* Those who feel alienated are also likely to experience a great deal of loneliness. This can be a common relapse trigger for people in recovery.
* In order to gain the most from this new life away from alcohol and drugs the individual needs to develop emotional sobriety. Feelings of alienation may prevent the individual from developing this ability to smoothly handle all the ups and downs in life.
* The feeling of fellowship with other people in recovery can be highly rewarding. Those who feel alienated from the group will not get to enjoy such feelings.
* The individual may use this feeling as an excuse to justify a return to alcohol or drug abuse. They may later claim that sober living just wasn’t satisfying.
* These feelings will prevent the individual from building meaningful relationships with other people.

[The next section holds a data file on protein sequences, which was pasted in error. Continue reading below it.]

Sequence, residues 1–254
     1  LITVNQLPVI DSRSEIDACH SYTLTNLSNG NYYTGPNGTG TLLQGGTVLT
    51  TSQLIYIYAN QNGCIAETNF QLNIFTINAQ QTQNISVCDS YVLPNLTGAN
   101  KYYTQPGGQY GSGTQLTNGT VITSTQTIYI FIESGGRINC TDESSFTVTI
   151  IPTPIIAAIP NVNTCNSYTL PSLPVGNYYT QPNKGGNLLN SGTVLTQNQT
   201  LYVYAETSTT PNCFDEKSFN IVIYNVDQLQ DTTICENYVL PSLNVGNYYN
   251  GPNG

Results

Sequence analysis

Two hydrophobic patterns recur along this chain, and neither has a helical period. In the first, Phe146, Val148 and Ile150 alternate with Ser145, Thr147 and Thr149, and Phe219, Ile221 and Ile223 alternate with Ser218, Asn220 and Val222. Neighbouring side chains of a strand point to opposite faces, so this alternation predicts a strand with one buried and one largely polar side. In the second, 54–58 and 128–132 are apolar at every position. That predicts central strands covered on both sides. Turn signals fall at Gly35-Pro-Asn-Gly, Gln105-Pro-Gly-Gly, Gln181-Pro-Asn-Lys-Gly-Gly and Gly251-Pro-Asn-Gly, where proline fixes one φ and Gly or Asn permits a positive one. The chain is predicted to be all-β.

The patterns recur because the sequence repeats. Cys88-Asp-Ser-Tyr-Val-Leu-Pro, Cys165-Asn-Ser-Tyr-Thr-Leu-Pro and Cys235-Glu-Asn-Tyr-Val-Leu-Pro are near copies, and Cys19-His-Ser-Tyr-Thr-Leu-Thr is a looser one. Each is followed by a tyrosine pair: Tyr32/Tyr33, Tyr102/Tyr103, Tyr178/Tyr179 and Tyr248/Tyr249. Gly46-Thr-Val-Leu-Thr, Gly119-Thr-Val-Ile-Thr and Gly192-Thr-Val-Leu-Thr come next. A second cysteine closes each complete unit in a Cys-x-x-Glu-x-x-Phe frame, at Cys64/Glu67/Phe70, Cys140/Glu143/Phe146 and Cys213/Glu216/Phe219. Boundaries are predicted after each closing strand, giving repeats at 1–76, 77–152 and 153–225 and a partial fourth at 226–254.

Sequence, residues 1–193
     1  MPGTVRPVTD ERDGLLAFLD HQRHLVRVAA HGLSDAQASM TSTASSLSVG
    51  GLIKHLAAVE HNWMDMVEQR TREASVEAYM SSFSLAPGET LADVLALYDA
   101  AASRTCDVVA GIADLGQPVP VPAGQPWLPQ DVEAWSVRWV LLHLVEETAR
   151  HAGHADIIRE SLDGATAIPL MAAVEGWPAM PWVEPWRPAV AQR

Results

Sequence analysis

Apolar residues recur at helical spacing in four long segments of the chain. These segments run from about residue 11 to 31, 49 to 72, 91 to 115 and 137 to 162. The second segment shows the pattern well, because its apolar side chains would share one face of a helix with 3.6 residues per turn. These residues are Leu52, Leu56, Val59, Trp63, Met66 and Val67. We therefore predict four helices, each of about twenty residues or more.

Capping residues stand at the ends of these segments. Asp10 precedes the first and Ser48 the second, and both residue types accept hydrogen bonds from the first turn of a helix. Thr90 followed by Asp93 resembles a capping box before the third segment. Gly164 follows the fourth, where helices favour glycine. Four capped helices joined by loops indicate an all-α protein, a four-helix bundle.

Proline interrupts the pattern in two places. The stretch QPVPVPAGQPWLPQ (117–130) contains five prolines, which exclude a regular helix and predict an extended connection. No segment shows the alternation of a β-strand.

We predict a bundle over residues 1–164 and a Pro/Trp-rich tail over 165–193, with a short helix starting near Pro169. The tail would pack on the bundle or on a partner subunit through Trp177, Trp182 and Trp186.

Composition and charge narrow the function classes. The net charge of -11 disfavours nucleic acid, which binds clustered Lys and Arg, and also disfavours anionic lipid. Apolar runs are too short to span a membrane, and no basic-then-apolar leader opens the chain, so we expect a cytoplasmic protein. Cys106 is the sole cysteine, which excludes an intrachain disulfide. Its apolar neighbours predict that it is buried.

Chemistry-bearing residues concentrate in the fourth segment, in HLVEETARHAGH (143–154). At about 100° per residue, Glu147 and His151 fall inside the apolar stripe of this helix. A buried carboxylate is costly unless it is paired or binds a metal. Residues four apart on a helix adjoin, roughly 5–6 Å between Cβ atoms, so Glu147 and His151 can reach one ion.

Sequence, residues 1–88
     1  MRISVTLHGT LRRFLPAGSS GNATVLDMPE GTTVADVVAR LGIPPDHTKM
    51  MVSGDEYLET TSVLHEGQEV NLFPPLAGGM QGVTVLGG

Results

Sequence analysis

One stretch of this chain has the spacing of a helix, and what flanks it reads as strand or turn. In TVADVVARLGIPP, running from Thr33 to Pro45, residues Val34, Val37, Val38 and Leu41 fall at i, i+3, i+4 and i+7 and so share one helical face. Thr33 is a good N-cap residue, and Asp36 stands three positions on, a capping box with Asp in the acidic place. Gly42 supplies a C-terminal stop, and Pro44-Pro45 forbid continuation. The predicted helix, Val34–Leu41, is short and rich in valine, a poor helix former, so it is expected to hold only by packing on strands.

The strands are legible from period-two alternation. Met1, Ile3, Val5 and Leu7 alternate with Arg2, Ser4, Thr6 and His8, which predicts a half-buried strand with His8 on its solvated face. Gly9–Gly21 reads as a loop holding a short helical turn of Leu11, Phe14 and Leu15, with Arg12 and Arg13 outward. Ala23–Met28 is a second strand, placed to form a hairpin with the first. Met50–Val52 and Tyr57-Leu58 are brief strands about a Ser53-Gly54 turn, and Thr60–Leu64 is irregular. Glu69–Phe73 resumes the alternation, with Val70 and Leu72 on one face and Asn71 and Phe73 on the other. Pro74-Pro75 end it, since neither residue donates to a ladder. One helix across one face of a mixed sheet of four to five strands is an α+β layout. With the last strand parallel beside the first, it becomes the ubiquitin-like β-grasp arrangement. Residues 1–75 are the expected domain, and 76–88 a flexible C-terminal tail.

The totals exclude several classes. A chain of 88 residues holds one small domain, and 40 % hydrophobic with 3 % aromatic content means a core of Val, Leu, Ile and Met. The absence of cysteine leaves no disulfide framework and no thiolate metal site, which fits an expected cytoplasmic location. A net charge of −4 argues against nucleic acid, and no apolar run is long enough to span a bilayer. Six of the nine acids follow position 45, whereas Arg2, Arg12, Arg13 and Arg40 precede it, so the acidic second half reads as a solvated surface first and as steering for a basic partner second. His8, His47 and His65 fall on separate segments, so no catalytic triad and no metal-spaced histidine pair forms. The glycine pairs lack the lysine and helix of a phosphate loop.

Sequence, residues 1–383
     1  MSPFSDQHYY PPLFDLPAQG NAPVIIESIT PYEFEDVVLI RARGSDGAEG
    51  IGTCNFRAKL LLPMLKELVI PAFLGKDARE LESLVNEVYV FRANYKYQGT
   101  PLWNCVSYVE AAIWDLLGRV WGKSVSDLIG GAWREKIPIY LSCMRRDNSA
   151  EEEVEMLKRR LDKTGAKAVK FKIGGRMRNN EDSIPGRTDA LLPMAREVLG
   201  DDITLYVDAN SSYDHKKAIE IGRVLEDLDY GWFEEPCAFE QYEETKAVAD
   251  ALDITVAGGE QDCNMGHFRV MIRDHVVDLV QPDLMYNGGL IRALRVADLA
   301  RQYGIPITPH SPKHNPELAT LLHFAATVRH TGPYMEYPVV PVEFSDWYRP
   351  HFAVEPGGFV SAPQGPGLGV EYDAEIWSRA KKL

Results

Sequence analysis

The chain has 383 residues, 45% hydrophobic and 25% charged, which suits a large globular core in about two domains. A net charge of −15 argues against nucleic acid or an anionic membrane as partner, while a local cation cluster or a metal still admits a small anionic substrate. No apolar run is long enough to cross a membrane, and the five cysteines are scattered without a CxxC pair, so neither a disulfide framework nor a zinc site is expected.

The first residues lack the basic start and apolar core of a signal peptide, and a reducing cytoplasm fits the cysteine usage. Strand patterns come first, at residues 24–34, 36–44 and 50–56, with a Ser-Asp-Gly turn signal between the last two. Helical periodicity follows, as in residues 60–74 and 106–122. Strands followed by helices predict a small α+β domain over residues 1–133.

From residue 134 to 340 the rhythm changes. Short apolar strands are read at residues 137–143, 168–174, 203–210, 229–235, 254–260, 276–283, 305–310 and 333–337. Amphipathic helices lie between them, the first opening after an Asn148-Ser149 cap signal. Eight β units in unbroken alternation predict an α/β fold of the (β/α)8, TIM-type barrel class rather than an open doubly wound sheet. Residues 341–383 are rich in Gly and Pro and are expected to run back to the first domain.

* The individual will already have suffered a great deal as a result of their addiction. These negative feelings will lead to further suffering.
* Some people will become depressed because of feeling alienated. It may even lead to thoughts of suicide.
* Those who suffer from feelings of alienation and loneliness will often find it difficult to sleep at night.
* Even if the individual manages to avoid relapse they can still turn to other adaptive behaviors in an attempt to escape their feelings of separateness.
Those individuals who are experiencing alienation will often be lacking a social support network. This is not a good situation for those in recovery because such a network is required for:
* Emotional support when times are hard. Even just having a shoulder to cry on can be extremely important for humans.
* Physical support – this could involve help with completing a project or providing resources.
* A source of advice and information.
* These networks provide feedback and appraisal function. The individual will be able to find out how their behavior appears to other people.